• If a woman enters a marriage with her own assets and the marriage ends, her husband cannot touch her assets. The same is true of the man’s assets.

And this is how the same women are treated by the NATO rebels who claim they protect civilians and want to install “democracy”, report by AfriSynergy’s T. West:


Evidence found of pro-NATO massacre in Sirte, Libya


NTC government turning back the clock on women’s rights

By Derek Ford
October 29, 2011

In Sirte, 53 decomposing bodies were found in a hotel used as a prison by NTC forces. The victims appear to have been summarily executed and some have been identified as pro-Gaddafi fighters.

The U.S. government and NATO countries used alleged human rights violations as a pretext for the war on Libya. These allegations were later proven false by numerous human rights groups, including Amnesty International. Now evidence has surfaced pointing to human rights violations committed by the pro-NATO Libyan rebels.

Human Rights Watch announced on Oct. 24 that they had discovered 53 decomposing bodies at a hotel in the city of Sirte, which rebels were using as a prison. Evidence indicates that many or all of the victims appear to have been summarily executed. Some of them had their hands tied behind their back, bullet holes were found in the ground and spent rifle shells were strewn about. Many were shot in the head. Several have already been identified as Gaddafi supporters.

The UK Defense Minister said that the mass killing may be a war crime but that it would be “virtually impossible” for Britain to investigate, although Britain, along with the United States, played an integral part in the war.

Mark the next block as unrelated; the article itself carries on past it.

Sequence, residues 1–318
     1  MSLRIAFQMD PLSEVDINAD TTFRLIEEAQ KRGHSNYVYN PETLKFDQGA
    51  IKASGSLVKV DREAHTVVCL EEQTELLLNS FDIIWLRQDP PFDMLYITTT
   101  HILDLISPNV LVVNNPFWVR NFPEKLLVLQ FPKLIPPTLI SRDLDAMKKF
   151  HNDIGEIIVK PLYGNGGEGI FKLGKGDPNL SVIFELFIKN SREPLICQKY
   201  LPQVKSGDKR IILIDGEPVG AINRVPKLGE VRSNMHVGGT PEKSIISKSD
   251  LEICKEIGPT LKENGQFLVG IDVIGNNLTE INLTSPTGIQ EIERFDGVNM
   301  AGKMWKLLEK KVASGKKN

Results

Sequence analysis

Quryna, a local newspaper in Sirte, reported on Oct. 26 that 267 bodies of Gaddafi supporters were buried in a mass grave. The story, which cited the Red Cross, said that the bodies were found throughout Sirte and its suburbs and had been buried by the NTC.

Just days before these gruesome discoveries, NATO Secretary-General Anders Fogh Rasmussen reiterated the imperialists’ line. He told the press at NATO headquarters in Brussels that “Our military forces prevented a massacre and saved countless lives.” Nothing could be further from the truth.

Throughout the seven-month war, pro-NTC rebels were notoriously brutal. Peter Bouckaert, of Human Rights Watch, said that “This latest massacre seems part of a trend of killings, looting and other abuses committed by armed anti-Gaddafi fighters who consider themselves above the law.”

NTC attacks women’s rights

On Oct. 23, as Mustafa Abdel Jalil, the head of the NATO-backed National Transition Council, was officially declaring Libya “liberated” he also announced that Libyan law will now be in accordance with sharia. While sharia law can be interpreted in various ways, Jalil singled out Libyan laws on divorce and marriage in his speech: “The law of divorce and marriage … This law is contrary to sharia and it is stopped.”

Previously in Libya, women were allowed to marry and divorce freely and polygamy was outlawed. After divorce, women left marriages with their previous assets, the family home and generally all joint assets. These practices will now be abolished and polygamy and secret marriages will be legalized.

This may be the first of many laws to turn back the clock on women’s rights in Libya. Under Moammar Gaddafi’s government, women were highly educated and well-represented in all occupations, including positions in the government. This is the liberation that NATO has brought to Libya.


Letter to the Occupy Wall Street Movement : Fight Racism, Sexism, LGBTQ oppression


By Larry Hales
October 19, 2011

These are hard times. There doesn’t appear to be any respite coming soon. The political atmosphere has shifted in response to the greatest economic calamity since the Great Depression. This crisis, because of how the changes in technology, communication and production have made the world smaller, is global in its impact.